I planned the trip carefully, not wanting it to be too extreme, difficult, or long. I figured three days max in the wilderness, and we decided on a pretrip campground to ease into the wilderness. A teaser in the form of a night in a hotel in Grand Marais after the canoe trip sealed the deal.
Still, I had worries about claustrophobia rearing its ugly head again, or some other excuse coming up as to why she couldn’t do the trip. But she didn’t waver, even as the departure day approached. As late as the morning we left for up north, I was half-expecting her to change her mind and beg off. Even after we got to the pre-trip campground, I thought she might change her mind.
The campground night was successful- not too many bugs, clear, no rain, beautiful campsite, starry night with a near-full moon. We were raring to go the next morning. Paddling was easy as we were going downwind. I had chosen the lakes for their moderate size and attractive topography as well as decent to excellent campsites, based on a previous visit of mine.
At mid-day, we reached our target lake, but the two campsites I hoped might be available were both taken. Plan B was to take one more portage and find a site on the next lake over. After our toughest portage (still relatively short and easy) we were rewarded with one of the most beautiful BWCA lakes I’d seen. The water was crystal clear (Crystal was the lake name, too!). Pine, birch and cedar covered hills soared some two hundred feet above us on the south shore.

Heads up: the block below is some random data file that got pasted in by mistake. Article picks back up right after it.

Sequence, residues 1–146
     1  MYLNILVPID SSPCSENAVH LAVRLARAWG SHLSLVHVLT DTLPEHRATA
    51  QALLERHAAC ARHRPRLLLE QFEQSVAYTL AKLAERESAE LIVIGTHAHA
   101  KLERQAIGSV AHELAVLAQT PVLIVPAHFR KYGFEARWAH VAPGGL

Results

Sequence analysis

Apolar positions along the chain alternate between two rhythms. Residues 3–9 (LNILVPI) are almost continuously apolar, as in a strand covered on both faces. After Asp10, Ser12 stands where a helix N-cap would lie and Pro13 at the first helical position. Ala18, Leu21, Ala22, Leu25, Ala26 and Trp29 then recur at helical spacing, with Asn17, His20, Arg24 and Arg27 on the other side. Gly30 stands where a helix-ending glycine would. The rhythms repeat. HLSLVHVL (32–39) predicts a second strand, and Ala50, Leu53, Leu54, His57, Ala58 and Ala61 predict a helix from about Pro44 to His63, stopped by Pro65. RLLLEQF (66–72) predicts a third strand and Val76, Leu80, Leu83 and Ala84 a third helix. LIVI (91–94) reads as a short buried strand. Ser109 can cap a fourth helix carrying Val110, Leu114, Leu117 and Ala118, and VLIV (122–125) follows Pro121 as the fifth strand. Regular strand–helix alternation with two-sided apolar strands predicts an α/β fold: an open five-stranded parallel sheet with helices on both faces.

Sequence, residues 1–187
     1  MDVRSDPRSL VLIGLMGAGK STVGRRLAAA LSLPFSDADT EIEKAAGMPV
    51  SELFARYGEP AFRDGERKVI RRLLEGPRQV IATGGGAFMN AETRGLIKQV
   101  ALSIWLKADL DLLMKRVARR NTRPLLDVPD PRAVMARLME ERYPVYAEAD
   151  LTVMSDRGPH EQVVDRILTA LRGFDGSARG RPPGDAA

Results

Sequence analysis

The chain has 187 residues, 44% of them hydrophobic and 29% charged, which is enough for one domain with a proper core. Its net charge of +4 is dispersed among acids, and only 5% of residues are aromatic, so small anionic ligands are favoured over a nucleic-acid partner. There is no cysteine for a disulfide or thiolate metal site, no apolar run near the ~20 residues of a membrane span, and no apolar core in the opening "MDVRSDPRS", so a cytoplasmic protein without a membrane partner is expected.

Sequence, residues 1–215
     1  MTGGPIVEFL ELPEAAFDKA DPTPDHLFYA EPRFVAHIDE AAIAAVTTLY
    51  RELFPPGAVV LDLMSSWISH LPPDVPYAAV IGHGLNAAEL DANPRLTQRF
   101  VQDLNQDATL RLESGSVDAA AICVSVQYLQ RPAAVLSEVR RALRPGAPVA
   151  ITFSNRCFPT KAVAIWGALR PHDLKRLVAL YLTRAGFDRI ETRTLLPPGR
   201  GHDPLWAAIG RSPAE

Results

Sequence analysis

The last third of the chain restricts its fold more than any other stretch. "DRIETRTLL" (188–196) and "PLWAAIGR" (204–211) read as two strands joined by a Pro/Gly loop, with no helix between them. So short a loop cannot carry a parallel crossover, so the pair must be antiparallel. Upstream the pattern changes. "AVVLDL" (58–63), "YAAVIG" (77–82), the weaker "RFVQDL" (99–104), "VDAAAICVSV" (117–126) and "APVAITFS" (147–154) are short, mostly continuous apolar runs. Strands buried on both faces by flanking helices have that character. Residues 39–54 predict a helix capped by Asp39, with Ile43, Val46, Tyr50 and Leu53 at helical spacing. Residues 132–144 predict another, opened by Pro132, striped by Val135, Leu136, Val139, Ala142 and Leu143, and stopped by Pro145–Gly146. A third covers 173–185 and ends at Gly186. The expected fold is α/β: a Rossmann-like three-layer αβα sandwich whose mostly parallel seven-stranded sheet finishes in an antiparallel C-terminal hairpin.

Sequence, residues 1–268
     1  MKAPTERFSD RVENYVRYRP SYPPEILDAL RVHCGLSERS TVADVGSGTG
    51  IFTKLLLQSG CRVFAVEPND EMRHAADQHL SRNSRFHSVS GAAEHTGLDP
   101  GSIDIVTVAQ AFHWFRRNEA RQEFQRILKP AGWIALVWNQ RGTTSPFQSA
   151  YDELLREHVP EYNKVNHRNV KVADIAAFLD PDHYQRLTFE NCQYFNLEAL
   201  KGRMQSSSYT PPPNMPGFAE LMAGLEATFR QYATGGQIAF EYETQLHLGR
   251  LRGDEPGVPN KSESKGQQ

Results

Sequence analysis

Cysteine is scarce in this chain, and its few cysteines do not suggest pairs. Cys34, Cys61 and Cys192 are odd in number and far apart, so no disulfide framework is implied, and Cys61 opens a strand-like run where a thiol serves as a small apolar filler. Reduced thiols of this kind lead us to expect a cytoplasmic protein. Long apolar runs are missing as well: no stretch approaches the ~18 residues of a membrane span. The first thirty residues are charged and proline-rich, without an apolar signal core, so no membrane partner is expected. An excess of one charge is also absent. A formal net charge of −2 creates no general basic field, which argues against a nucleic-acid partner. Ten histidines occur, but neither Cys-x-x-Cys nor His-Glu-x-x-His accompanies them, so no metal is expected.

We chose the first of the two sites on the lake and it was excellent. A bit steeply sloped, we were elevated above the water about 20 feet and enjoyed a clear view across the lake. Our resident loon serenaded us morning, noon and night. The breeze kept the mosquitos at bay, and it was warm enough and dry enough to sleep with the tent fly peeled back, allowing us to watch the stars through the mosquito mesh before we fell asleep.
The evening and next morning were critical because there was still a possibility she’d change her mind, panic and demand to leave for home. Morning came and went and she gave no hint of wanting to go. We did a great day trip to another nearby lake, enjoyed lunch, and assessed campsites, while watching for eagles and trying to catch a fish or two. She paddled energetically, hauled her packs without complaint or injury, and told me later that she almost considered going skinny-dipping in the lake, except for the fact that the darn fire-spotting plane kept flying right over ‘our lake’.
I was stunned and pleased, merely hoping that she’d survive this trip intact and have no major trauma to freak her out. The rest of the weekend was great, even the short squall that we paddled through on the way out of the wilderness. She said it lasted an hour, the winds were 30 mph and the temperature was 90 degrees. My recollection was about 15 minutes of solid rain, but winds only about 20 mph and temps of around 75. Oh well- potayto, potahto.
The best part is, she wants to go again next year! My lament on my recent solo trips is that she wasn’t there to share the peace, beauty and tranquility of the BWCA with me. Soloing can be nice, but sharing a magic moment with the person you love more than anyone in the world is nice times one hundred. Thanks, gorgeous.